Source: World Wealth Report 2021 (Capgemini Financial Services Analysis, 2021)

India is one of the fastest-growing economies with a vibrant ecosystem and the third-largest start-up ecosystem. Last year saw a spurt in the growth of 11 new unicorns (valuation of $ 1 billion and above), the highest ever in a single year. 

  • Tech & digitization 

The pandemic did lead to accelerated adoption of technology and online services etc The rate of digital adoption by the Indian users and Start ups using this to their advantage has become the real delta in driving the significant fundraising in the year 2020. AIFs were the framework that supported the funds to invest in start-ups and mutually benefitted from the uproar in the venture ecosystem and overall regulatory and infrastructure development inviting more public and private participants. 

Potential for Alternative Investments to grow

India, traditionally has been a savings economy with major investments being in Bank Deposits and safe investments like Provident Funds, Pension Funds, Insurance and Mutual Funds to quite an extent. 

In its recent India Wealth Report’ 2020, investments towards Alternative platform have seen a slight shift from 0.58% (in 2019) to 0.76% of investment in financial assets (in 2020). The shift to high yielding assets, more products to diversify investment interest etc has already triggered a shift in the allocations and which is where the UHNIs, Family offices are finding AIFs most suitable. 

Source: India Wealth Report, 2020 [issued by Karvy Private Wealth]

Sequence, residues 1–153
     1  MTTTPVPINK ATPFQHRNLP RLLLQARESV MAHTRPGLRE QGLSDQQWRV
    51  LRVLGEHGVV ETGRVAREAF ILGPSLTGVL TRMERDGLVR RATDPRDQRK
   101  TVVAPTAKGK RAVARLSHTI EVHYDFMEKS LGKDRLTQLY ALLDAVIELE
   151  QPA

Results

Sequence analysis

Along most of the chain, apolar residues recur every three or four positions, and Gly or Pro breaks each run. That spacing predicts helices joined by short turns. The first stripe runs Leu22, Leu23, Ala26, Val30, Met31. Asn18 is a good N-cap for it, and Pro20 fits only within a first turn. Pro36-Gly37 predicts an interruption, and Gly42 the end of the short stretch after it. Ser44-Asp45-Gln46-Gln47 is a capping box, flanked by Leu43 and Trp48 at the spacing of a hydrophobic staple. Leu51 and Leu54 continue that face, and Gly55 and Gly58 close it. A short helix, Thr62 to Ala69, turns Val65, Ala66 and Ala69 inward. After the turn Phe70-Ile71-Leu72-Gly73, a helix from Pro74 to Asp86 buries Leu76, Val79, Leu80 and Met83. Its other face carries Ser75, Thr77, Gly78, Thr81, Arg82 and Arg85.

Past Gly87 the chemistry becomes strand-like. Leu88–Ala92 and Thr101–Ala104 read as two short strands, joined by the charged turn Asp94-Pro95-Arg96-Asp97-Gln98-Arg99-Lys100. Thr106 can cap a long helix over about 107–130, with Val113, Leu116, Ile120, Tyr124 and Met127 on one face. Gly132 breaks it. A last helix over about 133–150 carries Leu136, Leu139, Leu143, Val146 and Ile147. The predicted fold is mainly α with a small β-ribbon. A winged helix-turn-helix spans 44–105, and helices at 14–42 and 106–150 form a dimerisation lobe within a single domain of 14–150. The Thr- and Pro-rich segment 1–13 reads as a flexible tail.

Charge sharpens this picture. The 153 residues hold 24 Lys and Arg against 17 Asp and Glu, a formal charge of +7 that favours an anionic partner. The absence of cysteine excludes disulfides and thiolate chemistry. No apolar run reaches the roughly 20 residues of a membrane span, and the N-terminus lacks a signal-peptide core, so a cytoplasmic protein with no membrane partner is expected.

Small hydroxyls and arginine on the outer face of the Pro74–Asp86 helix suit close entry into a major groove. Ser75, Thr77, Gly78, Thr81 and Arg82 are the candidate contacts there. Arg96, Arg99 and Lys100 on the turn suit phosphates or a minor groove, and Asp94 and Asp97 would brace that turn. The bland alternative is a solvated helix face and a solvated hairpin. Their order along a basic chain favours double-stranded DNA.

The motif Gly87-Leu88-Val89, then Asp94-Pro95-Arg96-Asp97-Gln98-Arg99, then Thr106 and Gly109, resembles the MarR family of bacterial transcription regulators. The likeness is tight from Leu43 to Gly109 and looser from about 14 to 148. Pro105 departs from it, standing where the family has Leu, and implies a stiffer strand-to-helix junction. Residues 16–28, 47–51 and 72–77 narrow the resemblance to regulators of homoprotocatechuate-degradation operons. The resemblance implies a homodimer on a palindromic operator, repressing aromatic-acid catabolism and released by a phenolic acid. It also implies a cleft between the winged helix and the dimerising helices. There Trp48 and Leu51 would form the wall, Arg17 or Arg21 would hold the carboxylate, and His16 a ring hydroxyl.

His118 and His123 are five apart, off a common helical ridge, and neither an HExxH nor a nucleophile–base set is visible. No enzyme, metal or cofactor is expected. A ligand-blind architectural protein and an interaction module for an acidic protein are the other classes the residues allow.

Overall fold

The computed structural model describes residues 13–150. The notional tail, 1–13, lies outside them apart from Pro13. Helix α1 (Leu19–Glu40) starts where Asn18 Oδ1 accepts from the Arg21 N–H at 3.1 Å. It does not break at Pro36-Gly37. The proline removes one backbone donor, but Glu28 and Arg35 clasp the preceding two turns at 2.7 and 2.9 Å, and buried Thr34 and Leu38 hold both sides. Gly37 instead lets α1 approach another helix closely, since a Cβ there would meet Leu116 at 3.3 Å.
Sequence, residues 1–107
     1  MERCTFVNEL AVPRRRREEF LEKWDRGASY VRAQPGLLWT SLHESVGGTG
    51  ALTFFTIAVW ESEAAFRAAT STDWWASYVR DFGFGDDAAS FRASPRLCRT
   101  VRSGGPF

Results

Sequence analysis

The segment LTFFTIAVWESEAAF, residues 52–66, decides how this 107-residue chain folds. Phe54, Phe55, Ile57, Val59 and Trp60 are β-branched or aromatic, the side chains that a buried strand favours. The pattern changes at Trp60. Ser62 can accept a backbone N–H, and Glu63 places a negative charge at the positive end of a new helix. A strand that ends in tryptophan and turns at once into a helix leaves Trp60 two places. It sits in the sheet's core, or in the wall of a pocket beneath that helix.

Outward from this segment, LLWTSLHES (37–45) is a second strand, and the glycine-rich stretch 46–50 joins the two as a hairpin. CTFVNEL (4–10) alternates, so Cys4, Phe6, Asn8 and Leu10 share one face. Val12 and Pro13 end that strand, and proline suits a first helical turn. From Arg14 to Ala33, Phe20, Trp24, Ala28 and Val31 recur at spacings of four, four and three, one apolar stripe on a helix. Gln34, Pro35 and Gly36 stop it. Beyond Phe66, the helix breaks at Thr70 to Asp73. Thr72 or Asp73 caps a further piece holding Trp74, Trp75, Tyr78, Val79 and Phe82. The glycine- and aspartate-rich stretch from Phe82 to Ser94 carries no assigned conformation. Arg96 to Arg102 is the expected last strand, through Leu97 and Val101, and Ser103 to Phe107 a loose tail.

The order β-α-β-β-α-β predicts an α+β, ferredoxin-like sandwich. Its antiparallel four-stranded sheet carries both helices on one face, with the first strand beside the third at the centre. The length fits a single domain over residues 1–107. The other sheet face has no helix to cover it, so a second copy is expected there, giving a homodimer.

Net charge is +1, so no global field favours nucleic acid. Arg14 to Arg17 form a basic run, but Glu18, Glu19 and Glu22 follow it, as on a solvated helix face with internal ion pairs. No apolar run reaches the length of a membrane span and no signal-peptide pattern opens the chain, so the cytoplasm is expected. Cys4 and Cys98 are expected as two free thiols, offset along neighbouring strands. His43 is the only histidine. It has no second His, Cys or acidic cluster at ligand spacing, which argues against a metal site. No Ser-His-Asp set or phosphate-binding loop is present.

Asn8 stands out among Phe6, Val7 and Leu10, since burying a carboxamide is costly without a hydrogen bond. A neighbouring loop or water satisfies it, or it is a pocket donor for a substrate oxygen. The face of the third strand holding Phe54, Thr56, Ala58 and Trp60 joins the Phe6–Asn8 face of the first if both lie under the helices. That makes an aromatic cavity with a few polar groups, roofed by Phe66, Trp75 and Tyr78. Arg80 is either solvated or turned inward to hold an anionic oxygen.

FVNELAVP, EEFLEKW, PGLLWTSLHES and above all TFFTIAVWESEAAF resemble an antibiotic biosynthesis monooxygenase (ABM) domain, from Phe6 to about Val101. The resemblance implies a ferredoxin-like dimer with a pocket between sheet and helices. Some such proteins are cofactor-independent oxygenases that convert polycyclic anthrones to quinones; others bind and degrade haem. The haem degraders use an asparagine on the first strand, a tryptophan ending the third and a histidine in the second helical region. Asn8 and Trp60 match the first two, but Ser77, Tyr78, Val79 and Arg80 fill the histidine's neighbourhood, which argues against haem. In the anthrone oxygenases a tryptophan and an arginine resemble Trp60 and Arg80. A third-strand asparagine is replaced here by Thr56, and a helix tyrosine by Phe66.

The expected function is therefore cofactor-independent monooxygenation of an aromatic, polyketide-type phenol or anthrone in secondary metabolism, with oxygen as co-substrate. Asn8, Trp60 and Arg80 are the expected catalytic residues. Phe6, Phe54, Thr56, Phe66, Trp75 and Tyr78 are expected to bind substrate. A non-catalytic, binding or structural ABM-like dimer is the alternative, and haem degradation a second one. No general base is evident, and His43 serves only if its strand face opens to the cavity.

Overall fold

The growth cycle will continue considering there has been a paradigm shift for HNIs from traditional investments to exploring alternative platforms which can offer more diversification and reduced volatility in the portfolios. 

Inspite of the nascency of AIFs more and more investors want to invest in sophisticated and curated investment products meeting their risk and return appetite beyond listed securities. AIF fits the bill for such investors.  

Alternatives to go mainstream – readiness status 

Regulatory changes, tech & digitization lead to higher adoption of this alternatives by HNIs & UHNIs aided the growth of the alternative space.  As we move ahead asset managers are upscaling their game to meet the surge in demand from the investors. Some of the areas where AIFs are working towards are :- 

  • Alignment of interest

AIF managers are mindful of a distributor-centric model of channelling funds. AIFs (Specifically Category I & II) shouldn’t just become a mere product class instead of ownership-driven structure that aligns  interest of the manager, key personnel and distributor with the interest of the investors.  The focus is being built to enhance technical awareness on the product and risk / reward quotient.